from The American Heritage® Dictionary of the English Language, 4th Edition

  • transitive v. To notice or learn, especially by making an effort: got home and discovered that the furnace wasn't working.
  • transitive v. To be the first, or the first of one's group or kind, to find, learn of, or observe.
  • transitive v. To learn about for the first time in one's experience: discovered a new restaurant on the west side.
  • transitive v. To learn something about: discovered him to be an impostor; discovered the brake to be defective.
  • transitive v. To identify (a person) as a potentially prominent performer: a movie star who was discovered in a drugstore by a producer.
  • transitive v. Archaic To reveal or expose.

from Wiktionary, Creative Commons Attribution/Share-Alike License

  • v. To remove the cover from; to uncover (a head, building etc.).
  • v. To expose, uncover.
  • v. To create by moving a piece out of another piece's line of attack.
  • v. To reveal (information); to divulge, make known.
  • v. To reconnoitre, explore (an area).
  • v. To find something for the first time.

from the GNU version of the Collaborative International Dictionary of English

  • intransitive v. To discover or show one's self.
  • transitive v. To uncover.
  • transitive v. To disclose; to lay open to view; to make visible; to reveal; to make known; to show (what has been secret, unseen, or unknown).
  • transitive v. To obtain for the first time sight or knowledge of, as of a thing existing already, but not perceived or known; to find; to ascertain; to espy; to detect.
  • transitive v. To manifest without design; to show.
  • transitive v. To explore; to examine.

from The Century Dictionary and Cyclopedia

  • . To uncover; lay open to view; disclose; make visible; hence, to show.
  • To exhibit; allow to be seen and known; act so as to manifest (unconsciously or unin-tentionally); betray: as, to discover a generous spirit; he discovered great confusion.
  • To make known by speech; tell; reveal.
  • To gain a sight of, especially for the first time or after a period of concealment; espy: as, land was discovered on the lee bow.
  • Hence To gain the first knowledgeof; find out, as something that was before entirely unknown, either to men in general, to the finder, or to persons concerned: as, Columbus discovered the new world; Newton discovered the law of gravitation; we often discover our mistakes when too late.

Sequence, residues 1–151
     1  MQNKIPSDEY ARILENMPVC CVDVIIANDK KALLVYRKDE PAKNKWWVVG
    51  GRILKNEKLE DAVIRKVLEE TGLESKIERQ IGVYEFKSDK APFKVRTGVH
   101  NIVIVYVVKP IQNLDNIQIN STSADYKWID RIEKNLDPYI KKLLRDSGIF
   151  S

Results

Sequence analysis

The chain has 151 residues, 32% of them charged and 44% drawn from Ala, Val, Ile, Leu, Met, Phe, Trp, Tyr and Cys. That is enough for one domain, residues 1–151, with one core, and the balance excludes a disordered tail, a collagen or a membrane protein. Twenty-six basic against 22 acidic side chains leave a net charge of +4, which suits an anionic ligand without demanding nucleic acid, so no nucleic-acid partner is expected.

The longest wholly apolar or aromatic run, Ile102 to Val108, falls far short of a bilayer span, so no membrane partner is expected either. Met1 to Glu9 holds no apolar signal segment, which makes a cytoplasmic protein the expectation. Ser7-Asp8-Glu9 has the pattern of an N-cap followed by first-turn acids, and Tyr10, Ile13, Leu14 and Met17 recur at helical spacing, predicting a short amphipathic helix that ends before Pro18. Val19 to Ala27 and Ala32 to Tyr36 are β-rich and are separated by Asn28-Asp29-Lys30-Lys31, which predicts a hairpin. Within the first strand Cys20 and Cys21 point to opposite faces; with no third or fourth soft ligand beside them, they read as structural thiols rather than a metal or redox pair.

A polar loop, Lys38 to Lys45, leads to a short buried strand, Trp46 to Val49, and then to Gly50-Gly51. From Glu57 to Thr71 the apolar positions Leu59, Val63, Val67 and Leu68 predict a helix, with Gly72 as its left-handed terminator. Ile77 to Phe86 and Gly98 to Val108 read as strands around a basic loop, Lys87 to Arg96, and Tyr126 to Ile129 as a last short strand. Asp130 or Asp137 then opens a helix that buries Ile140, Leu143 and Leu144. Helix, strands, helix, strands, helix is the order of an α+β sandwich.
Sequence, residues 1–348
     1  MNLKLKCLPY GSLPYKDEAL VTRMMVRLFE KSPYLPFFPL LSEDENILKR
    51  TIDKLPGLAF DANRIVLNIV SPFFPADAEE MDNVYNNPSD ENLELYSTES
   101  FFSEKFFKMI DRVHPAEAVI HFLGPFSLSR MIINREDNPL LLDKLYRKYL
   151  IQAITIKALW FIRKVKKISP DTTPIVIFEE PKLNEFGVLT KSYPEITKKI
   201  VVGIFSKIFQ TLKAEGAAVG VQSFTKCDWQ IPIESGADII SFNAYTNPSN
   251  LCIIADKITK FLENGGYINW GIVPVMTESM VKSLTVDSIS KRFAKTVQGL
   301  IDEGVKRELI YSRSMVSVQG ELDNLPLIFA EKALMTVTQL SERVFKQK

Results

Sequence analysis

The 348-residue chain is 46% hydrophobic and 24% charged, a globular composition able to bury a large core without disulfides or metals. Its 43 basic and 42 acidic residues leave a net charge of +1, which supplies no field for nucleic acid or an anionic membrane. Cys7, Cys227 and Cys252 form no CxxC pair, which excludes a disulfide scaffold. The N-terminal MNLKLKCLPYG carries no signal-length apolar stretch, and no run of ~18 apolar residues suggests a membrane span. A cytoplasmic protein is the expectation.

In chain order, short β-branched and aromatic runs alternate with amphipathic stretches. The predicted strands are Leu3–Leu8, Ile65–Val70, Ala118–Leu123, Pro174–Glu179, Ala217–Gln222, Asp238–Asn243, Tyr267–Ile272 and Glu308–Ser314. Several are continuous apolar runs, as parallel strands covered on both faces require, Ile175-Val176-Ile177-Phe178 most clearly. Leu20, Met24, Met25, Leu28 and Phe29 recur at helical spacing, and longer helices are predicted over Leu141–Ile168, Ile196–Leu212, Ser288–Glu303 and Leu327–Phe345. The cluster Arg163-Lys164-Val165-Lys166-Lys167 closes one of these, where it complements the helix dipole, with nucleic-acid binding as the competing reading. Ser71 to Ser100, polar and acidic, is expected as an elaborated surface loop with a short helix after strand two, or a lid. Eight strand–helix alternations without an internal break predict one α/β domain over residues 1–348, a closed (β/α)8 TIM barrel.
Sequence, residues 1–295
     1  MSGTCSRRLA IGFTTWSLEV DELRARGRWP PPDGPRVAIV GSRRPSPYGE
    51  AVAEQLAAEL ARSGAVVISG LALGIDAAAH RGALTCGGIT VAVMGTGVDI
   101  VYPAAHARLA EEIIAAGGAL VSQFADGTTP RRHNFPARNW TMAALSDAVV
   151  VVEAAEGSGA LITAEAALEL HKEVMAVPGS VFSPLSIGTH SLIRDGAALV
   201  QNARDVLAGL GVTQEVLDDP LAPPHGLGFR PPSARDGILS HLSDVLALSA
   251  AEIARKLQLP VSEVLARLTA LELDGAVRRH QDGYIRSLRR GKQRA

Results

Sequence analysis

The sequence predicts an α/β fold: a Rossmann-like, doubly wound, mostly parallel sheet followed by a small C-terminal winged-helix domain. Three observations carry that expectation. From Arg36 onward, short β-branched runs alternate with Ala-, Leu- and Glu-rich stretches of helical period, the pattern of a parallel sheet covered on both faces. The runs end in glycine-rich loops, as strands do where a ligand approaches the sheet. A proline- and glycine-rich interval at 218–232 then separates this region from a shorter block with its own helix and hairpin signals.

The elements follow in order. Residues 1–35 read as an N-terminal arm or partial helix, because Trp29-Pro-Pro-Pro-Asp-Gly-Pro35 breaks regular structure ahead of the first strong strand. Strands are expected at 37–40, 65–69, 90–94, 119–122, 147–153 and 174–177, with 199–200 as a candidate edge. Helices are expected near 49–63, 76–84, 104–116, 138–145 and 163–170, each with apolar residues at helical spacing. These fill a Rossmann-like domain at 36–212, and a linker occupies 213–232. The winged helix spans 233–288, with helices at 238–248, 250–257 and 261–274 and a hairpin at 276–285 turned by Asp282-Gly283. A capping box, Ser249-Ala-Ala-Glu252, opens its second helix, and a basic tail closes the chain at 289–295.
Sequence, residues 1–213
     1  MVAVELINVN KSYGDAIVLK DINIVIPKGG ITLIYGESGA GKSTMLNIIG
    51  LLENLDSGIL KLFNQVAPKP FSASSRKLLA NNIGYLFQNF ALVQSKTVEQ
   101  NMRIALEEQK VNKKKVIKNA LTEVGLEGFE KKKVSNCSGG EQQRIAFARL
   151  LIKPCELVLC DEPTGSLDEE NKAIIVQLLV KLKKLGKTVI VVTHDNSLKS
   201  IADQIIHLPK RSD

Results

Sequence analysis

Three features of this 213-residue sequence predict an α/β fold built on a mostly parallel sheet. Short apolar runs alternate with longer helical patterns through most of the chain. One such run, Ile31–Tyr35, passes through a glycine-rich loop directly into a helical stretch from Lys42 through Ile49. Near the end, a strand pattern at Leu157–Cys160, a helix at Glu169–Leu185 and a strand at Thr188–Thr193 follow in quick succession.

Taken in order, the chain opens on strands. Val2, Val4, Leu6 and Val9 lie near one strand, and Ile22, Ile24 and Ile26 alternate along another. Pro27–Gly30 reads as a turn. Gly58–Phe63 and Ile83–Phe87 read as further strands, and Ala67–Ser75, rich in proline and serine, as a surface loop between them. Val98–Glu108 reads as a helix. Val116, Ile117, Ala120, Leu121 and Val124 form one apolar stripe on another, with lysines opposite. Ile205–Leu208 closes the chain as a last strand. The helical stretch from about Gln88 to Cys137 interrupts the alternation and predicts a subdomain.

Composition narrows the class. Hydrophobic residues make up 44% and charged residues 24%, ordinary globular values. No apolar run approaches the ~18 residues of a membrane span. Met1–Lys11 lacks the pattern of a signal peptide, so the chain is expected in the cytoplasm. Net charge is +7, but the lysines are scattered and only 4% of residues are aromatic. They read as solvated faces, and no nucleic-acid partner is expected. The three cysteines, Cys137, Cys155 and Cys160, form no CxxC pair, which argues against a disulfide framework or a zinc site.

• . To explore; bring to light by examination.
  • . To cause to cease to be a covering; make to be no longer a cover.
  • =Syn. 3.. To communicate, impart.
  • To descry, discern, behold.
  • Discover, invent, agree in signifying to find out; but we discover what already exists, though to us unknown; we invent what did not before exist: as, to discover the applicability of steam to the purposes of locomotion, and to invent, the machinery necessary to use steam for these ends. (See invention.) Some things are of so mixed a character that either word may be applied to them.
  • To uncover; unmask one's self.
  • To explore.

from WordNet 3.0 Copyright 2006 by Princeton University. All rights reserved.

  • v. find unexpectedly
  • v. make a discovery
  • v. get to know or become aware of, usually accidentally
  • v. discover or determine the existence, presence, or fact of
  • v. identify as in botany or biology, for example
  • v. see for the first time; make a discovery
  • v. make known to the public information that was previously known only to a few people or that was meant to be kept a secret
  • v. make a discovery, make a new finding


from The American Heritage® Dictionary of the English Language, 4th Edition

Middle English discoveren, to reveal, from Old French descovrir, from Late Latin discooperīre : Latin dis-, dis- + Latin cooperīre, to cover; see cover.

from Wiktionary, Creative Commons Attribution/Share-Alike License

From Old French descovrir, from Latin discooperiō, from dis- + cooperiō.



Log in or sign up to get involved in the conversation. It's quick and easy.